The Scene. Michael Ignatieff was quick to define the terms of this afternoon’s debate, referencing “ce faux lac” with his first available sentence. After the Prime Minister had shrugged a response—Mr. Harper perhaps aiming for non-chalance, but seeming rather to be barely awake—Mr. Ignatieff moved to expand the complaint.
“Mr. Speaker, what do fake lakes, gazebos and boats that do not float have to do with security?” he wondered aloud, shaking a loose fist at the government side. “The issue is not just the waste of money, it is that the summit promises to deliver so little on climate change, on women’s rights, on jobs and growth. This summit looks like a billion dollar speed bump on the road to the real summit which will be in Korea at the end of this year. How can the Prime Minister justify this expense for so little possible result?”
The Prime Minister nearly sighed his response. “Mr. Speaker,” he said, “this is a historic change of position for the Liberal party to be against a multi-lateral process such as this.”
In and of itself, this was maybe not much in the way of retort, but worse, it did not rhyme—a quality that would seem to explain why this fake lake has come, in a few days, to have surpassed so many other less rhythmically monikered matters of public policy.
Mr. Ignatieff tried again, this time appealing directly to the prose of novelty t-shirt sloganeers. “Canadians are asking simple questions like ‘we spent $1 billion and all we got was this lousy fake lake?'” he reported. “That is not the end of it. They are asking about the agenda. There is no progress on key issues. Many issues are not even on the agenda. Canadians wanted leadership and what they got was a fake lake. How does the Prime Minister explain this?”
The Prime Minister would explain this with the first of several variations on the proper language for describing this indoor waterway. “The opposition is obviously throwing around a bunch of falsehoods,” he testified. “For instance yesterday they said there is a $2-million lake when in fact there is a $2-million marketing pavilion.”
Across the way, Liberals giggled.
“Mr. Speaker, now it is a marketing pavilion as if that changes anything,” mocked Mark Holland with the next opportunity.
Yesterday’s government response featured a half dozen ministers and the sight of Industry Minister Tony Clement standing and turning away from the opposition, as is his odd habit, to plead his case to his own government seatmates. Perhaps seeking consistency and reassurance this day, Mr. Clement was kept to his seat and Lawrence Cannon assigned to carry the day—the Foreign Affairs Minister armed with facts and bureaucratic language and a square jaw.
“Mr. Speaker, media are reporting widely, and obviously incorrectly, that the costs of apparently this artificial lake, which is a small part of the Experience Canada exhibit, is $1.9 million,” he explained with his first opportunity. “Through you, Mr. Speaker, to the colleagues, building costs for the water feature are $57,000.”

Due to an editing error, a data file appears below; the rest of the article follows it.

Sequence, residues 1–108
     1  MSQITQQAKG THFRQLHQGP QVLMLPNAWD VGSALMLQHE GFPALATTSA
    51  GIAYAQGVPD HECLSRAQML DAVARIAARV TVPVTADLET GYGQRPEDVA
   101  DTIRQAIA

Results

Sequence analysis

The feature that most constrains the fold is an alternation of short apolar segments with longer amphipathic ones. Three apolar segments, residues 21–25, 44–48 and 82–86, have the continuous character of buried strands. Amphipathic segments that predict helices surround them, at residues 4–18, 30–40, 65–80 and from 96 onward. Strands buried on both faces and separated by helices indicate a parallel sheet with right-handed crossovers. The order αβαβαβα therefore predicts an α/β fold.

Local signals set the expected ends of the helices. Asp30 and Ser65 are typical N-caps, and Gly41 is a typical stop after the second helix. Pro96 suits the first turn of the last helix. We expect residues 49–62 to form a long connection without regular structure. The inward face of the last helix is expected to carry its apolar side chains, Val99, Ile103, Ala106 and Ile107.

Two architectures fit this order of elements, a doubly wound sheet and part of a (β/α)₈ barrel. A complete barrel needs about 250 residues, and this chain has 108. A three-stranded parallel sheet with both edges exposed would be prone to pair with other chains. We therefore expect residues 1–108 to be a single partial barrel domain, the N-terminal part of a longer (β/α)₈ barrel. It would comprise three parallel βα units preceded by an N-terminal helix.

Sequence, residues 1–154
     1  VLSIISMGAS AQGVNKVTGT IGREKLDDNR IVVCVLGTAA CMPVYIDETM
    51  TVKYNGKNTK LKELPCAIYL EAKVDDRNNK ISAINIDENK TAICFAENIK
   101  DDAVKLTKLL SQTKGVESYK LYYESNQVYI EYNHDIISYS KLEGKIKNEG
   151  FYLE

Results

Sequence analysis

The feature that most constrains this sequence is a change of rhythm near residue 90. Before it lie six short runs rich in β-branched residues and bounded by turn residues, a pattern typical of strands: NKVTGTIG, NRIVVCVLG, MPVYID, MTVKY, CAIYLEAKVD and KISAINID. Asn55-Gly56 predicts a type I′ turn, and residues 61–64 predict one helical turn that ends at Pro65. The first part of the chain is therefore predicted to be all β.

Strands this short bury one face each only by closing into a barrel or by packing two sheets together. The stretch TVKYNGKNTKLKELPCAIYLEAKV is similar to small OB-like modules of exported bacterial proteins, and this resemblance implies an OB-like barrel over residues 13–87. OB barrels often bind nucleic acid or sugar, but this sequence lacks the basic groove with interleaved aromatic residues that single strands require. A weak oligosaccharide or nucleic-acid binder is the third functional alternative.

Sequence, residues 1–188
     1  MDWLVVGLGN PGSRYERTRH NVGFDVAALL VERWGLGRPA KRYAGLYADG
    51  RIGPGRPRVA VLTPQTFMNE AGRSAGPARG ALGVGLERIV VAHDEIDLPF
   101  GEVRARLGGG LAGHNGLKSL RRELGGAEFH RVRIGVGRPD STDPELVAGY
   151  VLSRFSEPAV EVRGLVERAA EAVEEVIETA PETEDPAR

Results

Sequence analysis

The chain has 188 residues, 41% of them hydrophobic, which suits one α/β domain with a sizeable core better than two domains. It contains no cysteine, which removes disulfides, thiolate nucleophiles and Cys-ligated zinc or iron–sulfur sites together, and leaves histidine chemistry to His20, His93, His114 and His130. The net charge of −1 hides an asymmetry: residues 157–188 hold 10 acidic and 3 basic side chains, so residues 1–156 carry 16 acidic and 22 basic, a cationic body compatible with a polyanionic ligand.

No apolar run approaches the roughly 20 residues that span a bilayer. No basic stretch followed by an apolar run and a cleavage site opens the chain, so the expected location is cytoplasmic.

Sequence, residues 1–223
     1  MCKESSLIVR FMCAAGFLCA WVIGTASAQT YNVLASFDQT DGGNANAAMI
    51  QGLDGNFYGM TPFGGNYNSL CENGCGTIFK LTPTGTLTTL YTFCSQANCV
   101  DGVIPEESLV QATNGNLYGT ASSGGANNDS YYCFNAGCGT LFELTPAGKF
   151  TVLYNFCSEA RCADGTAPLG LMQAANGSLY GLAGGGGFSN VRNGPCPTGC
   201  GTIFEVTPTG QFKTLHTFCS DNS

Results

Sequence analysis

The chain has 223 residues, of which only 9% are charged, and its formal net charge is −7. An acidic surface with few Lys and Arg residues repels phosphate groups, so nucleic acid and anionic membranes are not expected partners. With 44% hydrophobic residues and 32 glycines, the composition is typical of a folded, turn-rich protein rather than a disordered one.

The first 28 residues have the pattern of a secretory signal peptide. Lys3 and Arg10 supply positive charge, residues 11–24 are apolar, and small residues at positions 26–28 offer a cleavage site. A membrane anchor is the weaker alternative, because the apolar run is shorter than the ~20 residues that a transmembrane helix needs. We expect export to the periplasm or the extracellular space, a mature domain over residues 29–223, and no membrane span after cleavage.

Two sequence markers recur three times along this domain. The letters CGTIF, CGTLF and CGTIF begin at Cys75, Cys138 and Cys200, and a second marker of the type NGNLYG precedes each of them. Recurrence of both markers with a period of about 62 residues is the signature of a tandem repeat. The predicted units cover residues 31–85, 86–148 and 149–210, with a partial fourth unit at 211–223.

This—the sort of sentence that deserves to be on a plaque mounted to a wall somewhere on Parliament Hill—was greeted as some sort of game-changing revelation by the government side. But Mr. Holland had apparently prepared for this. “Mr. Speaker, even if it $57,000, that is more than the annual income of 40% of Canadian families,” he snapped. The Liberals stood to applaud.
“The fake lake and accessories, $2 million,” he continued, now listing the grievances. “Dancers, fiddlers and flowers, $20 million. A boat, $400,000. Distant gazebo and bathrooms, $300,000. An unlicensed security firm, and even a fake lighthouse. Now Toronto, too, gets something. Calling it their signature environmental initiative, the Conservatives are leaving a giant wall of plants—the cost of which they buried under the fake lake. What else are they hiding? How much more crazy does this thing get?”
Once again the Liberals stood to applaud.
Over then to Mr. Cannon, who sought here to summon something greater than all of us—something timeless and pure—to explain the water feature and the gazebos and the rustic toilets. “We are using this opportunity to be able to showcase Canada. We are telling Canada’s story,” he proclaimed. “We are proud of what we have done. We are proud of what we are doing. We are proud of being able to promote Canada abroad, and we will continue to do it with this amount of money.”
In the reflecting pool then, we see ourselves. In that far-off toilet, we find our purpose. With each gazebo, we stand on guard for thee.
Strangely, this did not shame the opposition side. The questions persisted and though the Prime Minister would eventually be roused to wag his finger and proclaim his government’s righteousness and Mr. Cannon would continue to stand and declare things with something approaching certainty, the Liberals would spend much of their afternoon laughing.
The Stats. The G20, 15 questions. Parliament, five questions. The oil industry, three questions. Ethics, Israel, the military and aboriginal affairs, two questions each. Employment, Quebec, immigration, the Arctic, firearms, air safety and the environment, one question each.
Lawrence Cannon, 12 answers. Stephen Harper, eight answers. Christian Paradis, six answers. John Duncan, three answers. Pierre Poilievre and Peter MacKay, two answers each. Jason Kenney, Vic Toews, John Baird, Rob Nicholson and Mark Warawa, one answer each.